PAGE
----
By Kimberly Peterson
Arizona Daily Wildcat
One UA dean's decision about hiring a Spanish and Portuguese department head has drawn fire from some faculty and students.
But the department's interim head said the hiring procedures were violated, thus forcing the dean's decision.
Charles Tatum was the previous Spanish and Portuguese department head until last spring, when he left to become dean of the University of Arizona Faculty of Humanities.
Karen Smith, an associate professor of Spanish and Portugese, was named interim department head until a new one could be found.
As dean, Tatum has the final authority in choosing the new department head, and relied on the efforts of a search committee comprising UA faculty members and one student to find qualified candidates.
After a hunt by the committee, the pool of candidates for the department head position narrowed to three professors: Robert Lima from Pennsylvania State University, Maureen Ahern from Ohio State University and James Parr from the University of California.
Of the three, Lima drew the most support from faculty and students. Last month, the search committee voted 22-11 and the faculty voted 9-7 in favor of Lima.
"He's a very dynamic person," said John Gilabert, a professor of Spanish. "He is also a Hispanic, and I think geography dictates we have a strong Hispanic representation at the university, which we do not."
Although Lima was the favored candidate, Tatum announced on Monday that the current search would be stopped.
Instead, Karen Smith would be kept as interim dean for another year and a new search for a permanent dean will begin.
Tatum's decision was strongly opposed by Lima's supporters.
"He was the favorite candidate, and (Tatum) is overriding not only the votes of the search committee, but also the votes of the faculty in the Spanish and Portuguese Department," said Elda Romero, a part-time student and coordinator of the Tucson Coalition of UA Students, Community, and Government Leaders of Spanish-Speaking Descent.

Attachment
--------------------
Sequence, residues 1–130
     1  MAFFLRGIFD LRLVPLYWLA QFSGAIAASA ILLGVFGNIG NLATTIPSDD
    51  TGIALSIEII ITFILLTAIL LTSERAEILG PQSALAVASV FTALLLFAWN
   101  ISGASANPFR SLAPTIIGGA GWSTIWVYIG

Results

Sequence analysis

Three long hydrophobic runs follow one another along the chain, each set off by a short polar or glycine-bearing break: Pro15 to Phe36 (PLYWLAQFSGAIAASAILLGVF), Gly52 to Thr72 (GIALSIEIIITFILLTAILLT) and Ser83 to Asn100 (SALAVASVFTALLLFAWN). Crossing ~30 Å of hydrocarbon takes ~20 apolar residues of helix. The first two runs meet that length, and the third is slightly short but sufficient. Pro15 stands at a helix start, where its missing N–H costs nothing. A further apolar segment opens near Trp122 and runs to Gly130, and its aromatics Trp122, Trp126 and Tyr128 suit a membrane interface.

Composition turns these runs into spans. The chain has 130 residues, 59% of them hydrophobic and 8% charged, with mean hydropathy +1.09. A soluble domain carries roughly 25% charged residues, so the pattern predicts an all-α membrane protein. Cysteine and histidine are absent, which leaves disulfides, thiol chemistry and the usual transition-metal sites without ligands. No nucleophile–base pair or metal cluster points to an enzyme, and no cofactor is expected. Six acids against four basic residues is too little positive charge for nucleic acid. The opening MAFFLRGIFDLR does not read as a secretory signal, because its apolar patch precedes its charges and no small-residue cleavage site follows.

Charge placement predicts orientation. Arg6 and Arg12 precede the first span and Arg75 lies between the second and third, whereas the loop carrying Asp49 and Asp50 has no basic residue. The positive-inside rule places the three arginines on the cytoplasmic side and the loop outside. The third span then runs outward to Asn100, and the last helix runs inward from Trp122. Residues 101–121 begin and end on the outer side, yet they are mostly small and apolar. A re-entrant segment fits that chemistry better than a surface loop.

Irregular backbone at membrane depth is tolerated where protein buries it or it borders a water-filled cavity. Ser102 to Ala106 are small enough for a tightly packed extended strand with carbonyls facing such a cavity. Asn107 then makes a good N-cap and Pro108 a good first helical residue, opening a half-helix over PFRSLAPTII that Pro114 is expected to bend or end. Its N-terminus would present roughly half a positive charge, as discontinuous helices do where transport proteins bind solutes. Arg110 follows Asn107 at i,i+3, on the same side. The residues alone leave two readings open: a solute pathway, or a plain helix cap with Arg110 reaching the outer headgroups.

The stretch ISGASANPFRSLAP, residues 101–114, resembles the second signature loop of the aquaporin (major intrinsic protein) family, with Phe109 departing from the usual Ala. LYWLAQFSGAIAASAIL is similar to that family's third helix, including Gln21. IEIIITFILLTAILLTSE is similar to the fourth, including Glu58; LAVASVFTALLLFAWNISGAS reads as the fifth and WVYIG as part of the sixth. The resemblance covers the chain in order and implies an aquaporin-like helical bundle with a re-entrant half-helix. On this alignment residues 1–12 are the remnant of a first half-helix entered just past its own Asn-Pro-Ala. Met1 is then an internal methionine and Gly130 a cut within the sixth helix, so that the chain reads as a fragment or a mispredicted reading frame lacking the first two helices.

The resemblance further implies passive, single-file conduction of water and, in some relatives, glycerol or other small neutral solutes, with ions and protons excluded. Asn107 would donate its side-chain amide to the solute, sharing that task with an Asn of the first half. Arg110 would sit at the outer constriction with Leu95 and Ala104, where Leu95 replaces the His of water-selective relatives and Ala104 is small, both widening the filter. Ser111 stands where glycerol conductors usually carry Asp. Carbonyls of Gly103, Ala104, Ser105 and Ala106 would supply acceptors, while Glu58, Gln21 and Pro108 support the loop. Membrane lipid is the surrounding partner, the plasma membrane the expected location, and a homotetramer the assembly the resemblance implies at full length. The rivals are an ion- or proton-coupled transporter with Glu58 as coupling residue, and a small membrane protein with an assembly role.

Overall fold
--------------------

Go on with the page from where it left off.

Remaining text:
But Smith said Tatum made the decision to stop the search because Romero violated search procedures.
"She has taken confidential information and released it to the press," Smith said. "She called candidates, and that is a violation of everything the university stands for. If everyone participated in a search, how can you protect the candidates?"
Tatum's decision may be an example of larger problems at the UA, Gilabert said.
"I feel the administrators ought to pay more attention, and take into account the recommendations of the search committee, department votes, etcetera," Gilabert said. "In this case they did not."
Tatum was unavailable for comment yesterday.
As of yesterday, Lima had not been informed of Tatum's decision.
"I have not had any recent communication from the dean," Lima said. "I'm very pleased that the department and search committee supported me. It's a wait-and-see situation."
Lima would have been a good selection because the Latino communities need more role models, Romero said.
"The Spanish-speaking communities in the U.S. do not have positive role models to emulate," Romero said. "We are embracing professors from Euro-American backgrounds that are going to teach in the department. But we need Latino leadership because of the identity crisis that Spanish-speaking young people are having."
Some of Lima's supporters will be holding a press conference at 12:15 p.m. today near the Education Building to show opposition to Tatum's decision, Romero said. Supporters are considering suing the Spanish and Portuguese department for violating affirmative action regulations, she said.
"I think that everybody is human," Romero said. "Sometimes we feel pressures and don't make the right decisions. We understand that Dr. Tatum might have pressures with the many responsibilities he has. We are going to give him one more day to reply, and then we may file a lawsuit." Read Next Article